And how can you tell? Are there pro's and con's to each? The following are some answers to these questions along with what you can no matter which side you are on.When there is an abundance of buyer's out there and not a lot of homes, this is called a seller's market. Where the seller really has all the leverage and can be in a better negotiating spot. When there are more houses than buyer's , this is called a buyer's market. The buyer is really in charge and has the pick of the litter of homes and can typically find them for a bargain.
A few years ago it was a definite seller's market. Homes were on the market for no more than days if not hours. Buyers were implementing escalation clauses to bump up the price of the home past the highest bidder sometimes thousands of dollars. Today, those homes are just not worth what people paid for them only a couple of years ago. And unfortunately seller's are having to "pay" the buyer's just to take the home.
As a buyer though, this is great news. A buyer can obtain a home for below market value and even add on some contingencies to the negotiations. Buyer's have most of the power behind the deal and can really move onto the next house should the seller be unwilling to negotiate.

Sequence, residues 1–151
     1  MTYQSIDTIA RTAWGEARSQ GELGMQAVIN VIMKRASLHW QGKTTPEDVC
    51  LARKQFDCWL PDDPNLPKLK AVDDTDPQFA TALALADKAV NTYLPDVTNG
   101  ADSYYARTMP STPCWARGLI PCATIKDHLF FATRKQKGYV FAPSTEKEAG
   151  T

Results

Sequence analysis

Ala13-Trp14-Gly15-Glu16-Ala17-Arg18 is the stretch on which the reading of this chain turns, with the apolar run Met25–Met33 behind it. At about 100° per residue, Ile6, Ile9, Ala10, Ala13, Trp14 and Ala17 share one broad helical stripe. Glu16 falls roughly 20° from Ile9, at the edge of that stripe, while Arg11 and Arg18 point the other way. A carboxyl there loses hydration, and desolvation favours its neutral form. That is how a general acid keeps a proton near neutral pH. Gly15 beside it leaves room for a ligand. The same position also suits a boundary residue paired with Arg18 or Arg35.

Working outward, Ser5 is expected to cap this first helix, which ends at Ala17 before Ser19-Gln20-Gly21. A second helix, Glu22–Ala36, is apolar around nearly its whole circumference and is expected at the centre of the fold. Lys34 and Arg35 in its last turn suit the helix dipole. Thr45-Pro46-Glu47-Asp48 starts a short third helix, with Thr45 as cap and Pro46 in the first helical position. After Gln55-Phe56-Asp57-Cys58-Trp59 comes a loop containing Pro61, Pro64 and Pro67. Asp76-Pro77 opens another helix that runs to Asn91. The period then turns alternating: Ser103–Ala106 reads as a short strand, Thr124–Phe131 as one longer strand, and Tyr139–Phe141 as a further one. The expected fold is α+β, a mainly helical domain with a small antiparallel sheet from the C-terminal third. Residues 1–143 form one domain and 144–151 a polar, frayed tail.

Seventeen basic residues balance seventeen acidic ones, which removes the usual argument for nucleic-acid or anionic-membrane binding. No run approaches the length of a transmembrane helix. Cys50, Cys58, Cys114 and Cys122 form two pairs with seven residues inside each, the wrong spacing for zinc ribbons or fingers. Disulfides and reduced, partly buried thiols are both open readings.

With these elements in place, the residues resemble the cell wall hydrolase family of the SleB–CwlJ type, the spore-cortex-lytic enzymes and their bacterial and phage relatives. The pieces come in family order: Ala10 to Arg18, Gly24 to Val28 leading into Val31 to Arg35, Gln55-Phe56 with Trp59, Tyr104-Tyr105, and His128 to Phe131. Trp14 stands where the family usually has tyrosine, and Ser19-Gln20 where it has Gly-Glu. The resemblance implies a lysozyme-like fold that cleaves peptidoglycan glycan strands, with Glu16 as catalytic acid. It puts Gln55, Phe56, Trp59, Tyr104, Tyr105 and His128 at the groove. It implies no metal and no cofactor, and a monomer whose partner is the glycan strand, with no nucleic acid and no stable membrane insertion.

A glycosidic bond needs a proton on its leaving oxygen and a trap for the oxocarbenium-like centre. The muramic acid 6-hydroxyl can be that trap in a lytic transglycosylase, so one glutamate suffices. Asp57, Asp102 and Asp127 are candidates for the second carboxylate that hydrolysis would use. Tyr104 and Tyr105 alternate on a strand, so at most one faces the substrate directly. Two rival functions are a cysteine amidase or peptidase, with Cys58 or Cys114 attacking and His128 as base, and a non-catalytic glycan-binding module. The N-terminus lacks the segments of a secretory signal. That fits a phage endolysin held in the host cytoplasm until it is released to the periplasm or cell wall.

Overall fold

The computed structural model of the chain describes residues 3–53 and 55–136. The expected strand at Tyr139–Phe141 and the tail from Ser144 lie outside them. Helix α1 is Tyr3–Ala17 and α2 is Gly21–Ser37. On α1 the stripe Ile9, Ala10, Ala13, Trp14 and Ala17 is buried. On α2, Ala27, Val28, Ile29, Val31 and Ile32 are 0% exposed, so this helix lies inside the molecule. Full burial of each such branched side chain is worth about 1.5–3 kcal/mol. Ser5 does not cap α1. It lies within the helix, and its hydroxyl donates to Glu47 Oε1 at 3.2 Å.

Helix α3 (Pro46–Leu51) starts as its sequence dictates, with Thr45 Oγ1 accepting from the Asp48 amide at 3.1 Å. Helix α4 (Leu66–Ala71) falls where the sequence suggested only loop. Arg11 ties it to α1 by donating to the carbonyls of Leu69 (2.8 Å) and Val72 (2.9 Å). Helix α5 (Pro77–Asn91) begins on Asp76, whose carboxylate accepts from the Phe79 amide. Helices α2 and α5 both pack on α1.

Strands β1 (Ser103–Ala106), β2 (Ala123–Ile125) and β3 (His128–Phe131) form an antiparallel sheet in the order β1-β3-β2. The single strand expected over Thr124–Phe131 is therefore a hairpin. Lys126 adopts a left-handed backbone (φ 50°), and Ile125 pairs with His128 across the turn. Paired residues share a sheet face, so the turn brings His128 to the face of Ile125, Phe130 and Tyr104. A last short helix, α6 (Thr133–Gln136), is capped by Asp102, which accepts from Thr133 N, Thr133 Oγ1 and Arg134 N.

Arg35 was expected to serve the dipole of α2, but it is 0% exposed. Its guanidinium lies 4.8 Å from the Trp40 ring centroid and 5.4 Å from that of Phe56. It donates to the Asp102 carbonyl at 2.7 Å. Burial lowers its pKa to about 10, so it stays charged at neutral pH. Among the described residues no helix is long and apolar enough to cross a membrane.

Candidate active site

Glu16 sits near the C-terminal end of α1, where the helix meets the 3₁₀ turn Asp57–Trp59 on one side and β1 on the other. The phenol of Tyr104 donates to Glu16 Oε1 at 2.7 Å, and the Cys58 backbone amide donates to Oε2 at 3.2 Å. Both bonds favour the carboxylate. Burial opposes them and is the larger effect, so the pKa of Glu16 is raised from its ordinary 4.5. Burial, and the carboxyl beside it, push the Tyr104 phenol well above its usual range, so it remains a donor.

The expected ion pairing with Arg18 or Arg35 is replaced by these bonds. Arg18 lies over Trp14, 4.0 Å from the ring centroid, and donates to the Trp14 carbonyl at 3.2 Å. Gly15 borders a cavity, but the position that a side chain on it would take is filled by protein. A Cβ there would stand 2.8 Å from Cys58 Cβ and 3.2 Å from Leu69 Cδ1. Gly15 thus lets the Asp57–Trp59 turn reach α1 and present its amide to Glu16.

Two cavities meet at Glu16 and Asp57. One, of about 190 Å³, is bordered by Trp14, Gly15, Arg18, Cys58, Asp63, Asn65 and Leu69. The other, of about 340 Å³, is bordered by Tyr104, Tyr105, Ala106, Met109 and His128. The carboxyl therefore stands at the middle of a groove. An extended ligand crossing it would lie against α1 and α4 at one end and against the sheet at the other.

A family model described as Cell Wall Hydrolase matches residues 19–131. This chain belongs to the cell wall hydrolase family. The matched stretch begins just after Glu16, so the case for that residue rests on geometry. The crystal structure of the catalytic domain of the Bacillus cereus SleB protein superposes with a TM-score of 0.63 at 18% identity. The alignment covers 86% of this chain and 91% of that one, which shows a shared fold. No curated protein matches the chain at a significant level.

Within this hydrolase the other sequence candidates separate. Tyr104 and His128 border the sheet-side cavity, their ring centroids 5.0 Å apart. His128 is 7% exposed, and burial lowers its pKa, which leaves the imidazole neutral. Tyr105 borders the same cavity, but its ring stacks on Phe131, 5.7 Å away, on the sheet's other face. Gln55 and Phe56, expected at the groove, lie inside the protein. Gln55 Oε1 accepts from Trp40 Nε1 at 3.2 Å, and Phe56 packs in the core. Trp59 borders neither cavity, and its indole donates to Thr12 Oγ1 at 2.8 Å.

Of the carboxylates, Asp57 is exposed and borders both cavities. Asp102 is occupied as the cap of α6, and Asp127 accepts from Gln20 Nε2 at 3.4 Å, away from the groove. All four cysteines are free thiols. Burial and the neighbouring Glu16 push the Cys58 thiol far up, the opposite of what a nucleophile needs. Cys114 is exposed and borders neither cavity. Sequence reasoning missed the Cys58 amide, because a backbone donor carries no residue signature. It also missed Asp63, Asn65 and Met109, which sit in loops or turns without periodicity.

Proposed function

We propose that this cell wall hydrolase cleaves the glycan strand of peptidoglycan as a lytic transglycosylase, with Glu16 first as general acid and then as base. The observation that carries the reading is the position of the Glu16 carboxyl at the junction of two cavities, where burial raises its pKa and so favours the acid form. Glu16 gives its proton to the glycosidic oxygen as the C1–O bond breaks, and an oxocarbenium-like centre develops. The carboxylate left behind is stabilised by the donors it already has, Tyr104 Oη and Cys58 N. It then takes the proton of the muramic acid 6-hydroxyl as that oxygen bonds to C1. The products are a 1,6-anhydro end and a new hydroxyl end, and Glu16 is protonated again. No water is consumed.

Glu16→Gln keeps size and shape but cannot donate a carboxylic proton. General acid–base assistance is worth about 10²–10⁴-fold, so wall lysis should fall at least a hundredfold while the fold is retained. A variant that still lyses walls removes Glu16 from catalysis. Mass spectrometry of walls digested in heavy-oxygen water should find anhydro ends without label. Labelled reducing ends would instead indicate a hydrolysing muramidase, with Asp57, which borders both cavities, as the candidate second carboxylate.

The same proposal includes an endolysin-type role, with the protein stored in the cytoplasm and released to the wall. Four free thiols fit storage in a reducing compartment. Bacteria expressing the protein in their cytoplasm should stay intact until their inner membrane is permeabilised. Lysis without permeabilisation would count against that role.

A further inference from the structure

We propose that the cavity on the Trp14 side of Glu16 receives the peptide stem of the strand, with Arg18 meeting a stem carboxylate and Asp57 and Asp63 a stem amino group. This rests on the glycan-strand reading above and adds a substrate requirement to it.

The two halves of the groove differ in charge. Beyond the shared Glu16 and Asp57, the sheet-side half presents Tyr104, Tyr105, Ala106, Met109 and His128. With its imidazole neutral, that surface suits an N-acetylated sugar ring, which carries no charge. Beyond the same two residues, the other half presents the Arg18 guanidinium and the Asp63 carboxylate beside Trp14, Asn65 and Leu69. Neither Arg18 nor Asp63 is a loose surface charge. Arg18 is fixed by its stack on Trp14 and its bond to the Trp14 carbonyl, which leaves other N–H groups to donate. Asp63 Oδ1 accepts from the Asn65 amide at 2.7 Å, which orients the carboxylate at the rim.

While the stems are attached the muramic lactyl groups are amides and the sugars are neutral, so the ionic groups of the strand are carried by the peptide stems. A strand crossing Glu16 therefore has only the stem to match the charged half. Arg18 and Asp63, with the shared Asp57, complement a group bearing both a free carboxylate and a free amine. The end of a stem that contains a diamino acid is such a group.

As a seller though, you must get creative on reeling in your buyer's. Your home must be top notch and probably priced below the lowest house on the block to even get looked at. (check out staging you home) There are ways to come out on top and not just give away your home but you need to make it worth their while to come view your home and offer the buyer something that no one else is at that price.